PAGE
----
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Thursday, October 9, 2003

Readers' Views


Early plans called for exit at MLK

TO THE EDITOR:

The editorial "Access to Uptown," [Oct. 5] states it is puzzling why no interchange was proposed when the highway was built.

If you do a little research you will come to find out that an interchange a Victory Parkway was proposed in the original design. One only has to look at the rebuilt Martin Luther King Drive which at the time was known as Melish Avenue.

Myron Bush, who was a councilman at the time, led the fight in Council to have the interchange eliminated.He said it would have an adverse effect on the African-Americans who owned most of the homes which would have been eliminated. Also, he said there would be a loss in park property along Victory Parkway.

The redesigning of the expreesway with the interchange being placed at William Howard Taft delayed the completion by more than a year. Maybe if the city goes and dusts off some of the original plans of the expressway it can save the poor taxpayers a few million dollars.

Larry Schmolt, Price Hill

Strike letter showed ignorance of labor

The letter "Strike doesn't deserve students' support" [Oct. 7] asks, "what is a living wage?" is further evidence that the history of labor still needs to be learned in America. A study of Rerum Novarum, Pope Leo XIII's always timely encyclical on the working man, would enlighten those who missed this lesson the first few times around. It revolutionized and emphasized the importance of the working man in the 20th century.

A working man is not a lackey, and he is entitled to the dignity of earning enough to pay for the necessities of life. To callously say "that is what the job pays" or "take it or leave it," is why loyalty to companies today is so lacking.

An employer who treats a good employee with the fairness of a living wage saves himself the added expense of continual turnover, frequent absentees, embezzling and other forms of cheating. Remember, it was unfairness to employees that initiated unions. Repeating history is the price paid for failing to remember it.

Elizabeth Paquette, Cherry Grove

Solutions complex for addictive behavior

I read with interest, as well as sadness, the article on sex addiction in the Oct. 6 Tempo section [ "Search for sex never ends"]. At the National Coalition for the Protection of Children & Families, we know all too well about the destructive cycle of sex addiction and its devastating toll on individuals and their loved ones.

Our toll-free help-line receives calls every day from men and women throughout the country who feel that pornography use and sexual compulsion has taken over their lives. As with many addictive behaviors, the solutions are complex. But admitting you have a problem is the first step in the right direction.

Our toll-free help-line is staffed by a compassionate counselor who can talk to callers about sex addiction and refer them to an appropriate therapist in their area. People who are struggling with these issues or who have been victimized by someone who has can call 1/800-583-2964.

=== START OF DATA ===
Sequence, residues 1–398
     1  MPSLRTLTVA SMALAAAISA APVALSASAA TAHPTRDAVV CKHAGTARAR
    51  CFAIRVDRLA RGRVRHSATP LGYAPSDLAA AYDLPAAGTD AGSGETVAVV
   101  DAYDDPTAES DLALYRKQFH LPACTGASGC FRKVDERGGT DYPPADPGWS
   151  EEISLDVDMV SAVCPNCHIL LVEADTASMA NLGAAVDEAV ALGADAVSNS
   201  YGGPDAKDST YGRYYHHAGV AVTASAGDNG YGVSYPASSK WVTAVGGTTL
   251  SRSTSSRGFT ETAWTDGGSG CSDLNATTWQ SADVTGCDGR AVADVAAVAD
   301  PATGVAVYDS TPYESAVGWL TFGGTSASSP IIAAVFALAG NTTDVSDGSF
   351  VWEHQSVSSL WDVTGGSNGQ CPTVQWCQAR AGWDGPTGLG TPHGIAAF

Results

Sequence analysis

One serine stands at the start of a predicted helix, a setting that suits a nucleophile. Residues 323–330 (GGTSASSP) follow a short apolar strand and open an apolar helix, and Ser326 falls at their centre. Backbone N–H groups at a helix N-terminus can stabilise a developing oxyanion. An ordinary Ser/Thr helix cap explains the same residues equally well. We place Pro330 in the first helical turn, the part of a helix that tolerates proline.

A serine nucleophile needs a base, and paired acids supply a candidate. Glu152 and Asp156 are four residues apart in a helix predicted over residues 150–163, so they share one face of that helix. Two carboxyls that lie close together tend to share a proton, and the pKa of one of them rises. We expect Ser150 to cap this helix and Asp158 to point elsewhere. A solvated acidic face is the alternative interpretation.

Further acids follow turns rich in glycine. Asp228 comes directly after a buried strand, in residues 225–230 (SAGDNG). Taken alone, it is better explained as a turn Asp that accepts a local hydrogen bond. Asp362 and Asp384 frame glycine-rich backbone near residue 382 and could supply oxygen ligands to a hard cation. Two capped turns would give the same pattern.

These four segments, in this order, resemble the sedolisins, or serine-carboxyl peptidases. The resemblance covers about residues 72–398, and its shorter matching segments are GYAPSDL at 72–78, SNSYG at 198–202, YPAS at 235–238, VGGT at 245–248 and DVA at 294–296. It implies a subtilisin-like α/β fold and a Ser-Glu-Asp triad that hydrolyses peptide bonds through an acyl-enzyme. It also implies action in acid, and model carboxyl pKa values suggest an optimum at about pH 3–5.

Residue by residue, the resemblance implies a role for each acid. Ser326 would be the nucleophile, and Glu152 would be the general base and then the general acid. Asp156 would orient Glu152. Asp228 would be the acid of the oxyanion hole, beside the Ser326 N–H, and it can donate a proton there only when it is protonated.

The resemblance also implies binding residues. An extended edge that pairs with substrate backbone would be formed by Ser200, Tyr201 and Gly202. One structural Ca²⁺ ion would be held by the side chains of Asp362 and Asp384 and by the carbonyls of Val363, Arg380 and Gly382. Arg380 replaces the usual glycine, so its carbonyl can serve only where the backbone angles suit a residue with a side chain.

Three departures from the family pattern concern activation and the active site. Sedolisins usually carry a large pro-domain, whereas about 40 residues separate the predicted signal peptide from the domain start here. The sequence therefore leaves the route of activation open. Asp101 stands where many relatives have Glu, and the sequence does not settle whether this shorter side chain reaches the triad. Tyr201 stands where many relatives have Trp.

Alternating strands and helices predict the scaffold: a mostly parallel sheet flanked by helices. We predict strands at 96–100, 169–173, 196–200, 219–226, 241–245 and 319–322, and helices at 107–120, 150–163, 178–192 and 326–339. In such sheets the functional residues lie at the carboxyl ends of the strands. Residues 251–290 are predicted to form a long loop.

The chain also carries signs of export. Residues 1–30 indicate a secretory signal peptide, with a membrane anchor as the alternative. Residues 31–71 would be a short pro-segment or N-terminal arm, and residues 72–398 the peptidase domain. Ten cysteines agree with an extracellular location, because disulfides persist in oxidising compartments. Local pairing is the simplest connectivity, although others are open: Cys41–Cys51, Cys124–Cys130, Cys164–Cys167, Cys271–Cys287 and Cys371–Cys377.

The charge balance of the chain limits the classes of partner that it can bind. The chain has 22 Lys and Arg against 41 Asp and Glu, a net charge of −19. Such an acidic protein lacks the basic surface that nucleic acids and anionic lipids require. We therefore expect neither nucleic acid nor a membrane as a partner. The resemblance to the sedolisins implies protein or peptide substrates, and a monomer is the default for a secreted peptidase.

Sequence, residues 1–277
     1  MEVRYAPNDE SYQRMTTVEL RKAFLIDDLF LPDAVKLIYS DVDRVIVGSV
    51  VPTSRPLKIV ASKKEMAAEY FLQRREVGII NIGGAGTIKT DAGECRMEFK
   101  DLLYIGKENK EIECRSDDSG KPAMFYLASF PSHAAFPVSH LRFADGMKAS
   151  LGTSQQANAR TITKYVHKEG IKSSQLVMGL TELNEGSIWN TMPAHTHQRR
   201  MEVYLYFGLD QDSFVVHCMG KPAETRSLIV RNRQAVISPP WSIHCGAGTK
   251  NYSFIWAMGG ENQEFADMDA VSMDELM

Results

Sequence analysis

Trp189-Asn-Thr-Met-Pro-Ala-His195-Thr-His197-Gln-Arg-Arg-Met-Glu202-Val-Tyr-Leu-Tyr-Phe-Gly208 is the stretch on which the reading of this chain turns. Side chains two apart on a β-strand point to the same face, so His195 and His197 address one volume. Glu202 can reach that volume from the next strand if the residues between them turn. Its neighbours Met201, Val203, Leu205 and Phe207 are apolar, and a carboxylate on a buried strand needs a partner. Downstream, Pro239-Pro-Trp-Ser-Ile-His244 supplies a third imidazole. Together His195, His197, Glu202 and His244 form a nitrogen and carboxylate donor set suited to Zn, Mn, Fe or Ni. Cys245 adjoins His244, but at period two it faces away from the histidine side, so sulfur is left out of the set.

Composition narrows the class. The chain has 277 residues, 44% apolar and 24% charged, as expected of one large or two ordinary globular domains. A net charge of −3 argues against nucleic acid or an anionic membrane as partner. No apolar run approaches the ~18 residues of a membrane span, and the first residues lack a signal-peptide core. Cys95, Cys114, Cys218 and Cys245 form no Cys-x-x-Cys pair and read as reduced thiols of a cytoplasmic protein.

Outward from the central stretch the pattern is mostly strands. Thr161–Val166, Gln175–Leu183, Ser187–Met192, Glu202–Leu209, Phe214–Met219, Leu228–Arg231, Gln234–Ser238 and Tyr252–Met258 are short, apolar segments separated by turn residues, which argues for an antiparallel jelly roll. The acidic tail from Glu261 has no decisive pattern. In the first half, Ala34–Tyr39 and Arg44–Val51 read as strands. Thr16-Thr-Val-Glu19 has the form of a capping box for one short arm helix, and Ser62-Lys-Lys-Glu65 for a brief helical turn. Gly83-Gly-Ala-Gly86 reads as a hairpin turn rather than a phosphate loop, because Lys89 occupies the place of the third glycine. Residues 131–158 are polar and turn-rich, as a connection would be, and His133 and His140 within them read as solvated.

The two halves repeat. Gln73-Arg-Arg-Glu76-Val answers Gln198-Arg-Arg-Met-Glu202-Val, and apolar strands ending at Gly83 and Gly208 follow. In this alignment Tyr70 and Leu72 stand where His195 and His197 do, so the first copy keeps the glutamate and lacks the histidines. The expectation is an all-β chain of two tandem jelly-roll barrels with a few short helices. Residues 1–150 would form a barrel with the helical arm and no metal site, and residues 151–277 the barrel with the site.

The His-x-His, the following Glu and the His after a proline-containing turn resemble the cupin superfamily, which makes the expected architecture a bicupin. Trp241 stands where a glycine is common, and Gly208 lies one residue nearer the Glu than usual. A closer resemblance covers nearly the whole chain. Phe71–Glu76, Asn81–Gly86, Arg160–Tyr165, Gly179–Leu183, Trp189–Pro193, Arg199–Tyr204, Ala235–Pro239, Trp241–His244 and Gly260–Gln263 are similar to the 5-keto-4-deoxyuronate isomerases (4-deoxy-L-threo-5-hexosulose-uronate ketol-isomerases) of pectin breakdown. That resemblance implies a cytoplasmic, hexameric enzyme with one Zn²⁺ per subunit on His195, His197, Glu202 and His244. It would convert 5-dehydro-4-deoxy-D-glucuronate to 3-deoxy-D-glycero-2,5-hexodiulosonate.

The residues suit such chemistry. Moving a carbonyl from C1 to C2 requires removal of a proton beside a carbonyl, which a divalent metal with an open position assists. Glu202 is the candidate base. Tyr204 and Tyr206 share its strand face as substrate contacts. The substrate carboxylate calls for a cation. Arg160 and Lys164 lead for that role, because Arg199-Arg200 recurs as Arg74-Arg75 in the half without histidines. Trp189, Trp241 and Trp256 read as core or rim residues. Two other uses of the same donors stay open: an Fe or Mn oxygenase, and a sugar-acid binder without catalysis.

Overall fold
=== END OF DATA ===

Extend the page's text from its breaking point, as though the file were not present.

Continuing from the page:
Maryam Kubasek, Director of Communications,
National Coalition for the Protection of Children & Families

Genome Institute has humble history

Your article "Taft Hails Genome Institute Alliance" [Oct. 7] was well written and informative about this important addition to Cincinnati's high tech standing. I would like to add an important bit of history which will add to an understanding of Cincinnati's contribution to the Institute. In 1828 a specialty drug store was founded in the City. Eventually it became the Wm. S. Merrell Pharmaceutical Co., and after many acquisitions and mergers became Marion Merrell Hoechst. Its German owners donated the buildings and land to the University of Cincinnati. Thus began the Genome Research Institute.

Thomas Blohm, Madeira

Fernald water safe to dump

Regarding the Oct. 8 editorial [Fernald/Don't compromise cleanup"], I don't think that we can afford, in the present financial climate, to look at Fernald on the base of our emotions.

First, radioactivity is not dangerous by itself. For example, each man or woman is radioactive. And each day eighteen pounds of uranium dissolved in the waters of the Great Miami River are flowing past DOE Fernald.

DOE Fernald's discharge was 524 pounds in 2002, less than ten percent of the natural flow. Removing the 600 pounds per year limit may result in dumping of not more than about 1,500 pounds per year.

EPA regulations allow 540 parts per billion of uranium in "recreational" water. To surpass that limit DOE Fernald would have to dump three and a half million pounds of uranium in the river.

These are some of the facts one should know before labeling an idea as outrageous.

Kees DeJong, Associate professor of Geology,
University of Cincinnati



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Reader's Views